Octavian and his position: a lecture

This lecture was given last Thursday by Frederik Vervaet, who received his PhD from Ghent University, Belgium. His accent was a little hard to follow at the start, but once I got into the rhythm it was quite lovely to listen to.

The proper title for the lecture was “The Secret History: The Official Position of Caesar Octavianus at the time of the Restitutio Rei Publicae (31-27BC).” Before I get to that, a note on the guy who introduced the lecture, who pronounced it ‘Kaiser Octaweeanus’ – that is, correctly, as far as we know the pronunciation of Latin. What I can’t figure out is whether he was simply being pretentious and showing off, or whether (since he is actually a Classicist), he knows Latin well enough that it’s simply second nature. Got no idea; interesting to consider, anyway.

Vervaet started off by talking about what it actually meant for Antony, Lepidus and Octavian to be triumvirs, from 43 onwards, because only by understanding that, and their power, can you get the pre-Augustus few years. He also asked two preliminary questions: when did the second triumvirate period conclude? (probably 32, is his conclusion); and how did the triumvirate fit into the idea of extraordinary magistracies? (nicely; and can only be abdicated – doesn’t simply conclude with the end of the year).

The issue of abdication becomes important when looking at Dio Cassius, and what he records of Octavian in 27: a speech that sounds remarkably like an abdication. So, although he hadn’t seemed to be holding the triumviral position up to this stage (because he would have been a solo triumvir, Lepidus having been forced out before the first 5 years finished and poor old Antony suiciding in 30), he seems to have continued exercising it. So why did he not acknowledge it? Vervaet talked about Octavian’s own concealment, and ‘artful delusion’, particularly in the Res Gestae and other bits of propaganda. I also liked the phrase ‘Augustan ambiguity and deceitfulness’. The nomenclature had also started to disappear during the second triumvirate anyway – emphasising his consular position, for example, instead.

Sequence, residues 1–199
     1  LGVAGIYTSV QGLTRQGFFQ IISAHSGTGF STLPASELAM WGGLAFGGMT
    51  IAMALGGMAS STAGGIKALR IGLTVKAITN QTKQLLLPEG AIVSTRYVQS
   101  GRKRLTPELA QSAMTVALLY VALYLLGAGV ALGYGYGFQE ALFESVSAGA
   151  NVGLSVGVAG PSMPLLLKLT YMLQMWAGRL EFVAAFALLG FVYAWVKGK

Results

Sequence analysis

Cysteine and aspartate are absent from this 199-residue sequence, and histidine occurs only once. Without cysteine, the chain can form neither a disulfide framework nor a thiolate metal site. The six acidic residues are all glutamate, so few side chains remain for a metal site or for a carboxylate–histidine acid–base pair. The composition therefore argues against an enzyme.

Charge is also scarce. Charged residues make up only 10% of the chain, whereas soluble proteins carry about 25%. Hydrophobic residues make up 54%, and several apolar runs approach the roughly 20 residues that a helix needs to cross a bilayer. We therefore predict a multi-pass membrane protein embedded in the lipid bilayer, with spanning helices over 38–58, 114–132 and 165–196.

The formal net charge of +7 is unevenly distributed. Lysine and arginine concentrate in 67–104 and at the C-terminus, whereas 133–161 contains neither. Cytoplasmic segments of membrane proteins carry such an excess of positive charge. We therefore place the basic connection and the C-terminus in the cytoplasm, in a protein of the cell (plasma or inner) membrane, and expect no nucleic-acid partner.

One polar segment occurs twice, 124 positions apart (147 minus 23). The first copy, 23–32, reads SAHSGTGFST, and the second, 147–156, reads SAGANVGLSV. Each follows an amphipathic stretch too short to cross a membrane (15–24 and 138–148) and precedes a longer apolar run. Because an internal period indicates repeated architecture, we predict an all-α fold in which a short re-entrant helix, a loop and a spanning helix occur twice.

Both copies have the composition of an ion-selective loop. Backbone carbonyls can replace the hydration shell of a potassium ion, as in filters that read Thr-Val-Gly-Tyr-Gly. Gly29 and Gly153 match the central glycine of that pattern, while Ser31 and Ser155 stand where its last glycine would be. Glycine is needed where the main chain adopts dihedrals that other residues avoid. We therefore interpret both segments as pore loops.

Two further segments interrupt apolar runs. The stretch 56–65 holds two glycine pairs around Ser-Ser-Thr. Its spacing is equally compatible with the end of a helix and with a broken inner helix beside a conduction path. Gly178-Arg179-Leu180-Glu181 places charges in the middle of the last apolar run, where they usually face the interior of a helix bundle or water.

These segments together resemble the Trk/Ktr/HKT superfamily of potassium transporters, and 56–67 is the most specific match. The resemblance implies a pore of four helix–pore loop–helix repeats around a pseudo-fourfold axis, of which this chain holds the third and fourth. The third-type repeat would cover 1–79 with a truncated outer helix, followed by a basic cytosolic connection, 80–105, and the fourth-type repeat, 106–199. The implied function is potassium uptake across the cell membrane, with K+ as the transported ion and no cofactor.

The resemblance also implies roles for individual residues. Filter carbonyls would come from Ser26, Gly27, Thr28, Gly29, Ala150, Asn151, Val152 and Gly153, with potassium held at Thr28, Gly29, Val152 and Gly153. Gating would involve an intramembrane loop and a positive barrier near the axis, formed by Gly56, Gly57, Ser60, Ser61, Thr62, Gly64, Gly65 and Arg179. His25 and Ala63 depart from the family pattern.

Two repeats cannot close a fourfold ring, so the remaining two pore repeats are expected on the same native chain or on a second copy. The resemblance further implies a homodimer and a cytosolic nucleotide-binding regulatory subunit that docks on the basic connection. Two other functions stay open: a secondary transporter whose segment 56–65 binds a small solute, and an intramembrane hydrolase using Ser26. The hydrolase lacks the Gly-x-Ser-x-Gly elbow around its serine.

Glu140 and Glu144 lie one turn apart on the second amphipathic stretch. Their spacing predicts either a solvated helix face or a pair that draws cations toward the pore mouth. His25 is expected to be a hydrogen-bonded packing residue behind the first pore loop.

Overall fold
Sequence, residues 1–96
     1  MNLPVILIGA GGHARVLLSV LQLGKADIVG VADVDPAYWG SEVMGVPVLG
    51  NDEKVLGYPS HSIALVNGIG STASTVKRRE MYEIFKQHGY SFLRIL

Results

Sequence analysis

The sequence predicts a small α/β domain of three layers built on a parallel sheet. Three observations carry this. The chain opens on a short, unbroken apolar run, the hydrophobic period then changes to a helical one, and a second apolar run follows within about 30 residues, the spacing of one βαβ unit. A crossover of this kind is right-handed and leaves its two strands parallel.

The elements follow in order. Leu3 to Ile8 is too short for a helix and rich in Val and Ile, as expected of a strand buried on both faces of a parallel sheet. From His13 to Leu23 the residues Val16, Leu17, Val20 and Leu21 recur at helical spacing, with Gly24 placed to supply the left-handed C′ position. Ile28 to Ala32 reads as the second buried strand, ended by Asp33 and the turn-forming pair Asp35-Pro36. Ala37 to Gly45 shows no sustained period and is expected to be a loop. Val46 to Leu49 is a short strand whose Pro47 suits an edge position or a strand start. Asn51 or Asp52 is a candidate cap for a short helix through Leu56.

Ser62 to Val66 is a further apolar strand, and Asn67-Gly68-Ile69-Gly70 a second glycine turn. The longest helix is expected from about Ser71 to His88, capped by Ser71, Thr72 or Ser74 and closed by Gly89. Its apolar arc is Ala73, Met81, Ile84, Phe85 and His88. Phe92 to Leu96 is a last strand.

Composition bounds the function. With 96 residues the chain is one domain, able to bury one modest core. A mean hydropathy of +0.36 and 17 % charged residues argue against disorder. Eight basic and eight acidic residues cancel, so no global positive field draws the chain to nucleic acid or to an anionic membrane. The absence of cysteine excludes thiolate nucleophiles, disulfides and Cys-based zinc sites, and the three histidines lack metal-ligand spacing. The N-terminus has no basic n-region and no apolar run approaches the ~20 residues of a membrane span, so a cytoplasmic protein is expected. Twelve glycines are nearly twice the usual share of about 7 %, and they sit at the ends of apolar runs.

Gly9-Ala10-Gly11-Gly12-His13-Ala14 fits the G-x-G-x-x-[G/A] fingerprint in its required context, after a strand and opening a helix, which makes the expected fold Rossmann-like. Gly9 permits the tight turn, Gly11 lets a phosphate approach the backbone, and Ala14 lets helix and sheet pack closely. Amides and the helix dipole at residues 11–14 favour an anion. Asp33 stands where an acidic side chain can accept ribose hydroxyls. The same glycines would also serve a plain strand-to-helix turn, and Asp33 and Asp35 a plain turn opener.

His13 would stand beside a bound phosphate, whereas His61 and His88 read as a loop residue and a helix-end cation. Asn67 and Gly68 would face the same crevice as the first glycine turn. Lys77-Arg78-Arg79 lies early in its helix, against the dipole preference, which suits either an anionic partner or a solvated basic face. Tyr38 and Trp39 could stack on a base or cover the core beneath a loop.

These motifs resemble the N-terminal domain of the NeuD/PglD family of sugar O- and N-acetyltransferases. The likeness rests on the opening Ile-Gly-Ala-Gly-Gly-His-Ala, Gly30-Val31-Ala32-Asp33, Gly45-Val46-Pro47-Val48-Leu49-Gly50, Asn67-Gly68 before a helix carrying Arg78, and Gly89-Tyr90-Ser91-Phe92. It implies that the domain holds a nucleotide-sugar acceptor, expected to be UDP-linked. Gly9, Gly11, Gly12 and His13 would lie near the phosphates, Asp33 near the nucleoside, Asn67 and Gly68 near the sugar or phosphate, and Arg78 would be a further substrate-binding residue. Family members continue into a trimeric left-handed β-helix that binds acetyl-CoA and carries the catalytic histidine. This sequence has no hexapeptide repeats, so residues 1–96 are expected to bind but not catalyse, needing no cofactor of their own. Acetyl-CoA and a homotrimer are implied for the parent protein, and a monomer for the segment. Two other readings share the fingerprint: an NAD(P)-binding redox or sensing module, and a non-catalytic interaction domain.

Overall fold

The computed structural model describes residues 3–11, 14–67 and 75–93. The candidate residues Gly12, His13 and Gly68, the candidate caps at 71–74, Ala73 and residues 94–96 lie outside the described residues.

After establishing Octavian’s position, then, Vervaet proceeded to ask two other questions: why continue as triumvir (alone), and why did he conceal it – since he didn’t seem to have any trouble with big-noting himself in other ways? As to the first question, it could be argued that the purpose of the triumvirate – to restore order to Rome – had not been achieved until 31 (because of the war with Cleopatra and Antony), so he shouldn’t abdicate; and after that there was (apparently) universal demand that he hang around. The second question needs you to remember that this is still the Republic: keeping hold of power was Bad and Evil and Frowned Upon. As well, when Antony and Octavian were having their spat, there was propaganda on both sides about the other not being willing to give up the power, so you don’t want to prove enemy slanging to be correct, do you? Finally, there’s also the fact that keeping hold of power unconstitutionally doesn’t sit so well with positioning oneself as the champion of tradition and constitutional propriety.

So… Octavian. I’ve always been anti-Octavian. Antony is more my man. This was a really great lecture, thoroughly enjoyable.

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